Alex Lacey started at right back today and had a pretty tidy game, he was up against their only attacking threat down the left in O’Dowd.

    Scott Griffiths battled excellently on the left and had Ruffel in his pocket. He played well all game and largely neutralised Oxford down the right.

    Nathan Doyle made his debut, sitting in front of the back four. He had a physical presence about him and was tidy enough I think. Survived the attempt to rearrange his kneecaps by Tyrone Barnett. Bearing in mind many of John Still’s acquisitions often take time to bed in and get up to speed, I look forward to seeing what he is like after ten games...Drury replaced him later on when we changed to a 4-4-2.

    In the middle too – but in a more advanced role than I seem to recall was Smudger Smith, who as ever ran and worked hard in the middle, charging people down with impunity.

    More or less the most advanced midfielder of a three – but still back and forth in his ‘box to box’ role was PRM who had a slightly strange game compared to his Trojan performances recently. He certainly posed an attacking threat but seemed to have a gear in reserve. Perhaps he didn’t need his top gear such was the underwhelming threat of Oxford. We could have doubled the lead within a minute when Pelly was given a good chance after good play in the box from Cullen and Whalley but he popped it over the bar.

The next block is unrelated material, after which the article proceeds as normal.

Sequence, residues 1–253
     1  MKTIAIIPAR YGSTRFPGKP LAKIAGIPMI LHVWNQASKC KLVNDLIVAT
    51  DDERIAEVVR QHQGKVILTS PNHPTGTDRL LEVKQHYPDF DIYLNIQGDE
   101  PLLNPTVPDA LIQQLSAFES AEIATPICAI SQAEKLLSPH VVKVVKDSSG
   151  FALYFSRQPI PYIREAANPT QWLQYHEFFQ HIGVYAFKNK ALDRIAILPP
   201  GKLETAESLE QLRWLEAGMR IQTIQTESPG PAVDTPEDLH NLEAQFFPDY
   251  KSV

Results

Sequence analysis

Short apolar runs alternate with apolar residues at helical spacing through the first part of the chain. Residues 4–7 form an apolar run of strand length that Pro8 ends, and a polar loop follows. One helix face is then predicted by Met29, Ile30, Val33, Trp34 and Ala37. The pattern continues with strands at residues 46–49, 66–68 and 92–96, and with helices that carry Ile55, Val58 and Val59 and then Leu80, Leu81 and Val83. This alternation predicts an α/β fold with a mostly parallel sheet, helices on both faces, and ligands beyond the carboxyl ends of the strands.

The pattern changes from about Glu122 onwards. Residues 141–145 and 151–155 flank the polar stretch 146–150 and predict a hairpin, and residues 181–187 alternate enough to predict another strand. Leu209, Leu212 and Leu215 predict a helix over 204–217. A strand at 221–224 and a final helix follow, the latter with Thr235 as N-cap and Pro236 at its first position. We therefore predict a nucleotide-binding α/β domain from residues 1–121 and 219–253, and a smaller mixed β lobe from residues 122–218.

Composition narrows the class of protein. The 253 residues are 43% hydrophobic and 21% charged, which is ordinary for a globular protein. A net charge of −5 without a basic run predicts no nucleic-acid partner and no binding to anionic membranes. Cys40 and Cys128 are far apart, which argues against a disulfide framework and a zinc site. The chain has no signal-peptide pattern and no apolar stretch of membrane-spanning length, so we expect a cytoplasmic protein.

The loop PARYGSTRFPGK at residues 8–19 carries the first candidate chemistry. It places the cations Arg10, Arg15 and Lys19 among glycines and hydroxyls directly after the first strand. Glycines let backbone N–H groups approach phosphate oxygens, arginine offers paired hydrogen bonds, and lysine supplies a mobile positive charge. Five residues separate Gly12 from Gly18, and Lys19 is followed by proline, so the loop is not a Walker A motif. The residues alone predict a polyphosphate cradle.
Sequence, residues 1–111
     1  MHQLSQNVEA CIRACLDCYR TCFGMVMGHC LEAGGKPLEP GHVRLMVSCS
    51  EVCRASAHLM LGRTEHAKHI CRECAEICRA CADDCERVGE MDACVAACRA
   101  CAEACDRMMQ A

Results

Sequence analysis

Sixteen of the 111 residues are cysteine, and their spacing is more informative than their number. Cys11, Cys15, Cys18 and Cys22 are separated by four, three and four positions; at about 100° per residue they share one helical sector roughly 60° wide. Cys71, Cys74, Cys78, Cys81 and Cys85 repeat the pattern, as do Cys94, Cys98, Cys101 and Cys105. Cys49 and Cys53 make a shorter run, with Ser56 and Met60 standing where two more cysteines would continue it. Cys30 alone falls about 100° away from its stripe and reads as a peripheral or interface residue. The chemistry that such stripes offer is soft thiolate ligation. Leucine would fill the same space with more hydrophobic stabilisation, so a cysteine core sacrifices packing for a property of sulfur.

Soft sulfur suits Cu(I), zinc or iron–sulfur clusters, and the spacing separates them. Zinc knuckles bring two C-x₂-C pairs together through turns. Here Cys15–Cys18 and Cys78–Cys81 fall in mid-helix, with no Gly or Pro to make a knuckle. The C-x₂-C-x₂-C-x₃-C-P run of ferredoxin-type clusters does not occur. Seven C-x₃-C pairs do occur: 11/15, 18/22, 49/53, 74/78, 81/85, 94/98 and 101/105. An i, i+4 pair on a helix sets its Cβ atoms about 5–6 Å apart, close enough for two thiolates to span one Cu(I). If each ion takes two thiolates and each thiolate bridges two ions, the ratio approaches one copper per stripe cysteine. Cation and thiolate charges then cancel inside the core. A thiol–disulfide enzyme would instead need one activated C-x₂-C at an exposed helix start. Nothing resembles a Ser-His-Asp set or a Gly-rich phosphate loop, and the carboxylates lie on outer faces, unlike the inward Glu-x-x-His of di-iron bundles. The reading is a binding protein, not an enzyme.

On the right of front three (or the right of a midfield 5 if you prefer) was Shaun Whalley, a slightly revitalised version of the walking shambles we saw at the start of last season. He was a direct threat, and tracked back well when needed. He does get bumped off the ball a bit easily. Didn’t perhaps cut through their lines in the way he would have like but at least was felled for the free kick which led to the goal. His replacement by Layafette re-injected vigour into our performance, so he played a part in that way I guess – he was the facilitator for the final push by being substituted. I wish Shaun well, hopefully by starting yesterday that will give him some of the confidence he was lacking.